From Homeless to a Huge Hit: The Ray Howard Band Lights Up Our Labor Day Again
Adrianne Murchison, Staff Editor
The Velvet Note Acoustic Living Room
You know that line at the end of the film, Casablanca?Humphrey Bogart says to Claude Rains, “Louie, I think this is the beginning of a beautiful friendship.”
That’s The Ray Howard Band and The Velvet Note. A beautiful friendship born out of an occasion when the R&B band performed Earth Wind and Fire classics on short notice and became a resounding hit with the audience.
Ray Howard and his band return for the fourth year to perform to a sold out house, August 30th– September 1st.
Close your eyes for a few moments and you can probably envision the band singing your favorite Earth, Wind and Fire jam – and no doubt you’re starting to groove in your seat.
“This is the fourth or fifth year that I’ve done the show at The Velvet Note,” Ray Howard says. “For the first show, vocally, we knew five of those songs. At the time, I said, ‘I can only do what we do and add to the instrumental.’”
Despite the limitations of not knowing the material, the first year was a big success. “Ray has had more sold out shows than anyone we’ve ever featured onstage. And he works like crazy make sure his band is on point in every conceivable way. To say that I’m proud of him would be an enormous understatement,” Tamara says.
Before The Velvet Note, Ray Howard’s band performed Motown and other classic R&B songs. After year one, the band spent the next year learning the songbook of one of the most well-known music groups of all time, and became a popular draw at The Velvet Note.
“It’s so ironic that Tamara calls it the “acoustic living room,” Rays says. “It feels like I’m performing in my living room and I have family there. It makes you feel like the people are part of the show.”
As Ray sings his heart out on stage, lyrics such as “Every man has a place, in his heart there’s a space, and the world can’t erase his fantasies,” ring true in a very profound way for him.
In the early 1980s, the singer, who had discovered his talent while in high school, became homeless for two years. “It was a struggle and humbling to not have a place to lay my head,” Ray recalls.
One day, a man walking in downtown Atlanta gave him $20. Ray says he felt inspired to use the money to purchase an inexpensive shirt, a $5 pair of khakis and some toiletries. He cleaned himself up in a McDonald’s bathroom and decided to return to the clothing store to ask for a job.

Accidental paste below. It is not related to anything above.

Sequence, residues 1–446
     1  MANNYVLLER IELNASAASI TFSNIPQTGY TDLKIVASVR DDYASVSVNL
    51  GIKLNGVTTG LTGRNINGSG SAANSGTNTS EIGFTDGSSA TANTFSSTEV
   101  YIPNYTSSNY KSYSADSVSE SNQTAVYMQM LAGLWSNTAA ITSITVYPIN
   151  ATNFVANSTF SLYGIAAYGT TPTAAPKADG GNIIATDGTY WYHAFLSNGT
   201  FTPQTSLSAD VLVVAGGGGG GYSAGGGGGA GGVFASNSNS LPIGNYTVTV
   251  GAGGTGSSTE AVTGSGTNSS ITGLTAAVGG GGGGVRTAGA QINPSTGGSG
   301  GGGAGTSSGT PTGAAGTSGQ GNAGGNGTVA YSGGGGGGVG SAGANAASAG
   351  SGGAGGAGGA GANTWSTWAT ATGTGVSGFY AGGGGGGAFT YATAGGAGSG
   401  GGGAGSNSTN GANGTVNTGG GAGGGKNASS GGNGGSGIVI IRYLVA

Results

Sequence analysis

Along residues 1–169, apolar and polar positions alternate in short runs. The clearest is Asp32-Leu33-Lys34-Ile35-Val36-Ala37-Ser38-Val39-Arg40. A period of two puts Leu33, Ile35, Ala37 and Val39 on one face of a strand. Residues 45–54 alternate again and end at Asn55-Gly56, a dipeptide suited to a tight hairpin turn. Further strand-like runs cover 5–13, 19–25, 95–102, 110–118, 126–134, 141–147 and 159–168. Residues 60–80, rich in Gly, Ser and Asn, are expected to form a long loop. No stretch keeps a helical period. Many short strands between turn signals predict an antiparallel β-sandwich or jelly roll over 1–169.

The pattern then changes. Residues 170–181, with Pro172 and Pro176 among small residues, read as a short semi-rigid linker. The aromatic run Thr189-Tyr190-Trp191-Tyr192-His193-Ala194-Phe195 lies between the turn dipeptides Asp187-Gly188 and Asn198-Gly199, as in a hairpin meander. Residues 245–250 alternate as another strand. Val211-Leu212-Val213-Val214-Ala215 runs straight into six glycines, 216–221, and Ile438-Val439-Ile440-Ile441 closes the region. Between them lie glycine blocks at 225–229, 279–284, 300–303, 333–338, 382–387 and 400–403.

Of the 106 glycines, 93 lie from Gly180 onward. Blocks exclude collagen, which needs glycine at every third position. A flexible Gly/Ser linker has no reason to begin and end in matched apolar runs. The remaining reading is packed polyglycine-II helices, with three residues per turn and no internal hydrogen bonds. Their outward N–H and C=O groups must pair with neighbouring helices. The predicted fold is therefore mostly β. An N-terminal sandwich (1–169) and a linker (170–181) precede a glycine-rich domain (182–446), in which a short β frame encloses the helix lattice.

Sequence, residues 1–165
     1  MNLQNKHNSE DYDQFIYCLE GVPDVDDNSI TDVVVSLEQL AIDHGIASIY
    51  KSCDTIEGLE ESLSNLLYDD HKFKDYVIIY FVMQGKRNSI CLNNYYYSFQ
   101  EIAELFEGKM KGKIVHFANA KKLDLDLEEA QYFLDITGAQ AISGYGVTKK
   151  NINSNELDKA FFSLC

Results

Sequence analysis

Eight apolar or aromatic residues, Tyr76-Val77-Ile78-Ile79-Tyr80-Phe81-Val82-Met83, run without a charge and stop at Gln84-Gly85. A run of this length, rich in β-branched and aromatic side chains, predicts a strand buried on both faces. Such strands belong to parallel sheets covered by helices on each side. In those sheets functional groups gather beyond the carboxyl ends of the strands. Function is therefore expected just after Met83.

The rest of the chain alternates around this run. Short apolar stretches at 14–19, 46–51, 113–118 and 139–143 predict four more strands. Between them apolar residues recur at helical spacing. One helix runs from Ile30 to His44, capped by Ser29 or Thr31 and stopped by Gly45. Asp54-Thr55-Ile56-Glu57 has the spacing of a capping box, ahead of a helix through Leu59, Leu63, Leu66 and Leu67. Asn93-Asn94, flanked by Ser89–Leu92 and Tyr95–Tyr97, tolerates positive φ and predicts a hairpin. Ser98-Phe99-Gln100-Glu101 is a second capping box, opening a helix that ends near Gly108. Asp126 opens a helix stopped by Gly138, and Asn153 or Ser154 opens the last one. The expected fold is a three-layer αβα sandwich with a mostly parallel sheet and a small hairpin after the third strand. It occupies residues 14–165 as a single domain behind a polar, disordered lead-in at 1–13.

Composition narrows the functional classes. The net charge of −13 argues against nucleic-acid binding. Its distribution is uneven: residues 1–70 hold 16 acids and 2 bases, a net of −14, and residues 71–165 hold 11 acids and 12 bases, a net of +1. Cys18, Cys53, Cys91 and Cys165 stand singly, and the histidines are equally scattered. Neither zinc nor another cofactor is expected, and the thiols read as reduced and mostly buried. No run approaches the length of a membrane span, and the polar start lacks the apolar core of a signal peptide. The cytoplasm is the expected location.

“My life changed after that,” the Chicago native recalls. “Leaving that day, the [supervisor] said, ‘Can I give you a lift home?’”
Ray acknowledged that he was homeless. His boss then invited him to live at under his roof until Ray could afford to move into a place of his own.
“Homelessness showed me that where I was, was not my ending at all,” Ray says. “Because a lot of people that become homeless, they end up staying there. I’m just glad that I didn’t let it beat me. It gave me a passion. My passion now is to help homeless people.”
For years, during that time and beyond, Ray lost his singing voice. When it returned, he started singing solo wherever he could. About 2011, he formed a trio with BJ Johnson and Tricia Spicer, now performers of the 11-member Ray Howard Band.
Ray says many fans have flocked to the Earth Wind and Fire tribute show after seeing the band’s music sets streamed through The Velvet’s Note’s Facebook live feed.
“Oh man,” Ray says. “I’ve had people come up to me and say, ‘I saw Earth, Wind and Fire a year ago and I’ve never seen anybody do them justice like you do.”
The band prides themselves on their polished vocals and musicianship.
“Our whole point of doing the music is to pay alms to Earth, Wind and Fire, but do it in a very professional way, and a very good way,” Ray says. “When people leave, I want them to feel like they’ve been to an actual Earth, Wind and Fire show.”
As usual, the Earth Wind and Fire shows at The Velvet Note are completely sold out for 2019. Fans can begin purchasing 2020 seats on September 1st.